The transcriptional program that controls oligodendrocyte maturation and central nervous system (CNS) myelination has not been fully characterized. In this study, we use high-throughput RNA sequencing to analyze how the loss of a key transcription factor, zinc finger protein 191 (ZFP191), results in oligodendrocyte development abnormalities and CNS hypomyelination. Using a previously described mutant mouse that is deficient in ZFP191 protein expression (Zfp191(null)), we demonstrate that key transcripts are reduced in the whole brain as well as within oligodendrocyte lineage cells cultured in vitro To determine whether the loss of myelin seen in Zfp191(null) mice contributes indirectly to these perturbations, we also examined the transcriptome of a well-characterized mouse model of hypomyelination, in which the myelin structural protein myelin basic protein (MBP) is deficient...
October 2016: ASN Neuro
Arash Salmaninejad, Mohammad Reza Zamani, Mehrnaz Pourvahedi, Zahra Golchehre, Ali Hosseini Bereshneh, Nima Rezaei
UNLABELLED: Cancer/testis antigens (CTAs) are named based on their expression pattern that is restricted in a number of normal and abnormal tissues. Tumor cells frequently express antigens whose expression is typically restricted to germ cells. Their unique expression pattern is guaranteed by precise epigenetic regulatory mechanisms. Because of their tumor-limited, high immunogenicity, and biased expression, discovery of these molecules provides unprecedented opportunities for further research and clinical development in the field of cancer diagnosis and immunotherapy...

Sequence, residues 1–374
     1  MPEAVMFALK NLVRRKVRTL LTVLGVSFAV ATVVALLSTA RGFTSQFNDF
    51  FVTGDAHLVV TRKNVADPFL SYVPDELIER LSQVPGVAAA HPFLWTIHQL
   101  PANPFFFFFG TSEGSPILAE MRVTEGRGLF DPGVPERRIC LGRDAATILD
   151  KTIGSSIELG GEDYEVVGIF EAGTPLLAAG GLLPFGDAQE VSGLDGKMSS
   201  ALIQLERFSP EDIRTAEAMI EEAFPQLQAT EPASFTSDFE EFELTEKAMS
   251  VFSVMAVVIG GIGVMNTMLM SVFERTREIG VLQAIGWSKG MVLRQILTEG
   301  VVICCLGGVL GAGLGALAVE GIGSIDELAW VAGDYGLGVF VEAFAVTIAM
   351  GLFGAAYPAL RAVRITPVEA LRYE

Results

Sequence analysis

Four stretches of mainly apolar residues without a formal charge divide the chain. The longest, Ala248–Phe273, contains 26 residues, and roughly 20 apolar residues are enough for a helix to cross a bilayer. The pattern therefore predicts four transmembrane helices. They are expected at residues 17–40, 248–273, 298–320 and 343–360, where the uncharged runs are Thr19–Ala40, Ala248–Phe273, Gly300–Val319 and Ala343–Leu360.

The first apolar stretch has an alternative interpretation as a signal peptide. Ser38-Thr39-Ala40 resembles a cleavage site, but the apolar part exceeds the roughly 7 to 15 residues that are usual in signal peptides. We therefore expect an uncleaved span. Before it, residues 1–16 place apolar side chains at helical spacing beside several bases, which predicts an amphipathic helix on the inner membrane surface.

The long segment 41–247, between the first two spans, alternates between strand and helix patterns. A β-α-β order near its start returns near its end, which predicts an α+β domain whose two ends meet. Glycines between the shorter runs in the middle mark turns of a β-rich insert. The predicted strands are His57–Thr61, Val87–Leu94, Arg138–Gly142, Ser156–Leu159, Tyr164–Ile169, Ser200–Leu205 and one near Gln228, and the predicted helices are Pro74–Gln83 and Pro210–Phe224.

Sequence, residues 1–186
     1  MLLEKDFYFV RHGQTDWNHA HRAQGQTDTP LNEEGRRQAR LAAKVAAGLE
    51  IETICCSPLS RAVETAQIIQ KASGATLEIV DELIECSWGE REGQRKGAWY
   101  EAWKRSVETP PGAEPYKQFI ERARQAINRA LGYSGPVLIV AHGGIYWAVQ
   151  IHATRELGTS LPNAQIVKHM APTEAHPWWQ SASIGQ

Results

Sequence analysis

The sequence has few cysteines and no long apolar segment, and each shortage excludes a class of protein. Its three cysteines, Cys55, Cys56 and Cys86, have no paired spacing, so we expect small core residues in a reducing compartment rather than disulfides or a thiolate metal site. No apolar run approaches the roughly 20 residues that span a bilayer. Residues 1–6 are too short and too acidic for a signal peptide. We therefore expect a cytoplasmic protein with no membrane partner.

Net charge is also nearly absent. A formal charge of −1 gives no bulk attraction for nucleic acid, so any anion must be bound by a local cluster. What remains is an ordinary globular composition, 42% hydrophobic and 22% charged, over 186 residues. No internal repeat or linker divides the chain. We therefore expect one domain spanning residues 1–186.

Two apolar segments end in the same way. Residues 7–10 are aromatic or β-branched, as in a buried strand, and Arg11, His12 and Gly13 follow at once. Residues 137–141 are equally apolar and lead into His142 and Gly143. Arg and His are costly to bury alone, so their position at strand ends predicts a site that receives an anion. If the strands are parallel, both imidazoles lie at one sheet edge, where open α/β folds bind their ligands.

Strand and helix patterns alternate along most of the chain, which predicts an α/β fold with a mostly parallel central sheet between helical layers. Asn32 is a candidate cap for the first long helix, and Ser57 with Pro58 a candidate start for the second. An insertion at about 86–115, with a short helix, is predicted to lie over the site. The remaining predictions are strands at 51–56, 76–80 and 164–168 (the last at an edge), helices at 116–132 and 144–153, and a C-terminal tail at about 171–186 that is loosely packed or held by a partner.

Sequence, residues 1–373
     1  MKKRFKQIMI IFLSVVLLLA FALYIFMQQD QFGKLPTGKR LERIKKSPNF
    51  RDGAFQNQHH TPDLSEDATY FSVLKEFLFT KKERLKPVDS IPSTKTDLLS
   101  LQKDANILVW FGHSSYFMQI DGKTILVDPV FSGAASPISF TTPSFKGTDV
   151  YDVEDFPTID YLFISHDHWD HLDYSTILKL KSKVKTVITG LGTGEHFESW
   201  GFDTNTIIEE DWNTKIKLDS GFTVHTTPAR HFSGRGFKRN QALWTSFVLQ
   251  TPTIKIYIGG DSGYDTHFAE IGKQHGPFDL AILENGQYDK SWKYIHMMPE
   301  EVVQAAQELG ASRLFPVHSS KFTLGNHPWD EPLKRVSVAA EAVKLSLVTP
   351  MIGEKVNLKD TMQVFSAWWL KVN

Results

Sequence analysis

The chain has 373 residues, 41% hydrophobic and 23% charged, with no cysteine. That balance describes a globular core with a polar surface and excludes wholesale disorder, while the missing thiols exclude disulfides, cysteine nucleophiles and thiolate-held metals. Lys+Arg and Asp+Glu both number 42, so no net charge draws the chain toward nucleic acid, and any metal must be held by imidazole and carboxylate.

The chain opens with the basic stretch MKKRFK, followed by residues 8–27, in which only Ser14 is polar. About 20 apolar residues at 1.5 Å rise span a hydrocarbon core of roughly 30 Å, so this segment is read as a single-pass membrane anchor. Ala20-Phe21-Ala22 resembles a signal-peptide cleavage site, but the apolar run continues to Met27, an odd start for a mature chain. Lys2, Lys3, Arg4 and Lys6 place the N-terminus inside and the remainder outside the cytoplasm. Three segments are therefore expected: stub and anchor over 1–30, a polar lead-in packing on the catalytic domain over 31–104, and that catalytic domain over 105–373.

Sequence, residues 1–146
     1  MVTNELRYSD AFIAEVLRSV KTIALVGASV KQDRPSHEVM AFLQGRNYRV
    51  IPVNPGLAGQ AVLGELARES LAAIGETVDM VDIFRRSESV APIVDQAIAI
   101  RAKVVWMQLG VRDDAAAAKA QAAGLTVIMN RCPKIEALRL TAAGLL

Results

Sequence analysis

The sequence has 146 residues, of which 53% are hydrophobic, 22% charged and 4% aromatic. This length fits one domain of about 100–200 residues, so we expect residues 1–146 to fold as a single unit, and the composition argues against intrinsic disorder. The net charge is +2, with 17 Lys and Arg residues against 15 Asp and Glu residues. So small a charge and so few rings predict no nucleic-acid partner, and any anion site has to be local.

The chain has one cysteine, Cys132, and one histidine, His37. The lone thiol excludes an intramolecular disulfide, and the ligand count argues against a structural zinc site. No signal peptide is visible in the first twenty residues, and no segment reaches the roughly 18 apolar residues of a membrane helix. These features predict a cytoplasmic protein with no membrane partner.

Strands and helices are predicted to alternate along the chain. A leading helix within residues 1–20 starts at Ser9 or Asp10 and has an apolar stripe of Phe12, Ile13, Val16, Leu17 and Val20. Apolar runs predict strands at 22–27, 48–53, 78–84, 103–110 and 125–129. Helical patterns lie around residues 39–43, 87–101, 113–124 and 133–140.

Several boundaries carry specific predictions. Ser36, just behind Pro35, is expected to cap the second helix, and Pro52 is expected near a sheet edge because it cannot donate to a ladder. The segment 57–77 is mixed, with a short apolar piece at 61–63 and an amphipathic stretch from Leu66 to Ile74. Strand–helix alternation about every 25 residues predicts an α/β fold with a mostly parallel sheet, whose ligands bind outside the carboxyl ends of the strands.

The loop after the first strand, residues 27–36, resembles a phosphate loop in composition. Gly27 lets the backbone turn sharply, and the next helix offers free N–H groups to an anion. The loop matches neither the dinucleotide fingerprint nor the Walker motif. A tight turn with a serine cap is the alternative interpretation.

October 2016: Immunological Investigations
Hong-Yeoul Ryu, Nicole R Wilson, Sameet Mehta, Soo Seok Hwang, Mark Hochstrasser
Post-translational protein modification by the small ubiquitin-related modifier (SUMO) regulates numerous cellular pathways, including transcription, cell division, and genome maintenance. The SUMO protease Ulp2 modulates many of these SUMO-dependent processes in budding yeast. From whole-genome RNA sequencing (RNA-seq), we unexpectedly discovered that cells lacking Ulp2 display a twofold increase in transcript levels across two particular chromosomes: chromosome I (ChrI) and ChrXII. This is due to the two chromosomes being present at twice their normal copy number...
August 15, 2016: Genes & Development
Haojian Zhang, Shaoguang Li
Chronic myeloid leukemia (CML) is a myeloproliferative disorder derived from a hematopoietic stem cell (HSC), harboring Philadelphia chromosome (Ph chromosome). Formation of the Ph chromosome is caused by a reciprocal translocation between the chromosomes 9 and 22 t(9;22)(q34;q11), resulting in a fusion protein known as BCR-ABL which has constitutive tyrosine kinase activity and promotes the proliferation of leukemia cells via multiple mechanisms. Studies on CML have led to the identification of the first cancer-associated chromosomal abnormality and the subsequent development of tyrosine kinase inhibitors (TKIs) that inhibit BCR-ABL kinase activity in CML...